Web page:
The Trump administration’s tough stance on enforcing employer compliance continues. Last year, there were a number of highly publicized raids, including the following:

  • Immigration and Customs Enforcement (ICE) arrested 364 individuals during 30-day enforcement visits in the following midwestern states: Illinois (134), Indiana (52), Kansas (43), Kentucky (60), Missouri (42), Wisconsin (33).
  • ICE conducted a worksite visit at a family-owned business in Texas with 500+ employees and arrested approximately 160 foreign nationals.
  • ICE served search warrants at various businesses in Nebraska and Minnesota resulting in the apprehension of 133 foreign nationals. The businesses where the warrants were served included a grocery store, restaurants, a private ranch, and a grain company. According to ICE, these enforcement actions were part of a 15-month investigation based on evidence that these employers were knowingly employing unauthorized workers.
  • In June 2018, 200 federal officers raided an Ohio gardening and landscaping company. One hundred and fourteen foreign nationals suspected of being in the U.S. without lawful status were arrested.
  • Ninety-seven foreign nationals working at a meat processing plant in Tennessee were arrested on federal and state charges. This was a joint operation between the Homeland Security Investigations arm, the Internal Revenue Service, and the Tennessee Highway Patrol. The government opened a case to investigate the business after the employer’s bank noticed large sums of money being withdrawn every week, supposedly to pay the unauthorized workers in cash.
  • ICE raided 98 7-Eleven stores in 17 states and the District of Columbia to issue Notices of Inspection and interview employees. The investigation led to 21 arrests.

This year, the overall trend has been consistent as in 2018. In July, ICE issued Notices of Inspection to more than 3,000 companies. The same month, ICE officers launched a series of raids in an effort to apprehend more than 2,000 undocumented migrants across the country. The number of I-9 audit cases being submitted for review by the OCAHO (Office of the Chief Administrative Hearing Officer) confirms the increase in the number of audits and that the government will audit companies regardless of size, location, or industry.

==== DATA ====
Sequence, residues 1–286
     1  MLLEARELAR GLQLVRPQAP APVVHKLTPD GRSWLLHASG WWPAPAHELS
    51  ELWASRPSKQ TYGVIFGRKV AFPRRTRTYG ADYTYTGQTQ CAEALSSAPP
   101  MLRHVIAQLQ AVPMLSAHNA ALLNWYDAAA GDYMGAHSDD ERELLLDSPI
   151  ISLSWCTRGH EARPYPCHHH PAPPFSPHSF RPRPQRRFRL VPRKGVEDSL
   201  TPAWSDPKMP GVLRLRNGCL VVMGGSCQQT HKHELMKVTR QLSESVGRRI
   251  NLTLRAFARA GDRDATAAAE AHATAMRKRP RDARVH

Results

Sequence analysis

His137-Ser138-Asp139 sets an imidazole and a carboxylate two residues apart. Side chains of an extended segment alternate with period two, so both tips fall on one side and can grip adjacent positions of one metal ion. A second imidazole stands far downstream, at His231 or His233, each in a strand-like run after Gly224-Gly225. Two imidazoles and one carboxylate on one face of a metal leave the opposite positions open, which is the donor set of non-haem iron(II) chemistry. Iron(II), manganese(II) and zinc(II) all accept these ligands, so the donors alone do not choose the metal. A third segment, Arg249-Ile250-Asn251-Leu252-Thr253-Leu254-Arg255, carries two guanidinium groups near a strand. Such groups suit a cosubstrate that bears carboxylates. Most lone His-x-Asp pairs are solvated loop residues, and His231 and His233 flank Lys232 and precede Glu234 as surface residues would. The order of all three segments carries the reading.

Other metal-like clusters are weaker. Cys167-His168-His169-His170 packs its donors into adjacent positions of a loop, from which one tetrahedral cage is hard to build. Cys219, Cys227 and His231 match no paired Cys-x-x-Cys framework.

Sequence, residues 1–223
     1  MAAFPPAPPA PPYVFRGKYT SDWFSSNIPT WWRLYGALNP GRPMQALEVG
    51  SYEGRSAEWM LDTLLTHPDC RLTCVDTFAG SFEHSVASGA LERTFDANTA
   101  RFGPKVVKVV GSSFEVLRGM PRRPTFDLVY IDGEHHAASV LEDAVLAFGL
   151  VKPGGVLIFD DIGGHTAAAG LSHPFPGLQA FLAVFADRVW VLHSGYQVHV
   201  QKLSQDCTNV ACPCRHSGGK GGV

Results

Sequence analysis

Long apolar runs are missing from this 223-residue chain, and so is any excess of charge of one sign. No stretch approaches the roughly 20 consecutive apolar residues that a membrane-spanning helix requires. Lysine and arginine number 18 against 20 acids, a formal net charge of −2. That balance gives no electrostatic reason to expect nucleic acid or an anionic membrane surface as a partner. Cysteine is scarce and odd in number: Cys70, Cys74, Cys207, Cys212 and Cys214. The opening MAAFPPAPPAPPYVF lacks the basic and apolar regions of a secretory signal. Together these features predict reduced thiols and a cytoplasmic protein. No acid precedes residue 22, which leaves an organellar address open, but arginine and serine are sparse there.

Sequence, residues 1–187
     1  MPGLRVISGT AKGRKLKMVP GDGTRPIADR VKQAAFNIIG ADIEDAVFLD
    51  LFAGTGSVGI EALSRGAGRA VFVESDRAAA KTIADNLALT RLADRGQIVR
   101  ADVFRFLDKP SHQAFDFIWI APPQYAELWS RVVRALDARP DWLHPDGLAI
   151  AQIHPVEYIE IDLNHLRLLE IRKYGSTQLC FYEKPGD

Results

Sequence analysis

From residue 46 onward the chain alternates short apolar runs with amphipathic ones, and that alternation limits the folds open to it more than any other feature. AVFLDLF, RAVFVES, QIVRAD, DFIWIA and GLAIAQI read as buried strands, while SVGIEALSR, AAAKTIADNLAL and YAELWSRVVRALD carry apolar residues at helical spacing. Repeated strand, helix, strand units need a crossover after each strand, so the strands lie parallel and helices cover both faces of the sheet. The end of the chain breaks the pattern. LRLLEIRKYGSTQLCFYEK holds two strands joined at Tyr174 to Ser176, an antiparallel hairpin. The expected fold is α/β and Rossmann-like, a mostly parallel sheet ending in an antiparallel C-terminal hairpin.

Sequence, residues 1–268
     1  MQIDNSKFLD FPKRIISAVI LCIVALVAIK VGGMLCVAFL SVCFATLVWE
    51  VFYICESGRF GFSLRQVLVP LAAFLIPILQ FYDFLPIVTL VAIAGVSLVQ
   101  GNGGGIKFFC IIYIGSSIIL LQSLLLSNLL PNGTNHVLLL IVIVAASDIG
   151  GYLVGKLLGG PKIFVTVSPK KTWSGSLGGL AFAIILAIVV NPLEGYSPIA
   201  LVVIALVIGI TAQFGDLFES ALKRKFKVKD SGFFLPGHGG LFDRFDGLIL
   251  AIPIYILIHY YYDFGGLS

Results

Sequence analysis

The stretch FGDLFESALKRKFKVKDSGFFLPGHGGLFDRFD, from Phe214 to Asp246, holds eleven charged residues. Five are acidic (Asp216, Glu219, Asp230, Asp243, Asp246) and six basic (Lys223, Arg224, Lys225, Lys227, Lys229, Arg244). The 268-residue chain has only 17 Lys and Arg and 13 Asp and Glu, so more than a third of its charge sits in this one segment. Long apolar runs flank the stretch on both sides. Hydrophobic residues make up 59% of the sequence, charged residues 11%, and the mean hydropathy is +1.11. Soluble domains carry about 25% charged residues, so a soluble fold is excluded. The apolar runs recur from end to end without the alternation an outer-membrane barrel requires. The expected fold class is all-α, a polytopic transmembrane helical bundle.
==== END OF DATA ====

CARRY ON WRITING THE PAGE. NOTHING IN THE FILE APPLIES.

• For example, in March 2017, a cleaning services company was served with a Notice of Inspection. Of the 578 Forms I-9 produced by the employer, ICE found that 439 I-9 forms contained substantive violations, including untimely completion of 120 forms, missing I-9s for 224 employees, and failure to properly complete Section 1 and/or Section 2 of I-9 forms for 337 employees. After taking into account the mitigating factors, the OCAHO ordered the employer to pay $1,161,143.20 in civil penalties.
  • In the case against Technical Marine Maintenance and Gulf Coast Workforce (issued December 2018), the OCAHO imposed a civil fine of $857,868 against these employers, finding that the companies engaged in unfair documentary practices against non-U.S. citizens, U.S. citizens, and lawful permanent residents. The fact that the companies were unwilling to cooperate with ICE during the audit was an aggravating factor.
  • In January 2017, a transportation service company of approximately 11 employees was selected for an audit. Based on its review of the company’s I-9’s, ICE proposed $21,506.10 in civil penalties. The OCAHO considered the mitigating factors and reduced the amount to $4,500.
  • In December 2016, a cleaning services company was served with a Notice of Inspection. In July 2017, ICE issued a Notice of Intent to Fine in the amount of $44,315.60, and the OCAHO confirmed the monetary amount.
  • Two concrete service companies in southern California with the same owner were selected for an audit in January 2015. Company A had approximately 28 employees and Company B about 48. The OCAHO assessed a civil penalty of $5,500 against Company A and $11,325 against Company B, recognizing the fact that they are both businesses with less than 100 employees.

One of the factors considered when calculating civil fines is whether the employer acted on its own to mitigate or cure any I-9 violations prior to receiving a Notice of Inspection. The best way to prepare for a visit from ICE is to proactively conduct internal audits of the I-9 forms, identify systematic issues leading to I-9 violations, and implement measures and educate the workforce. Given the raids and penalties described above, these measures may be more important to many employers than ever before.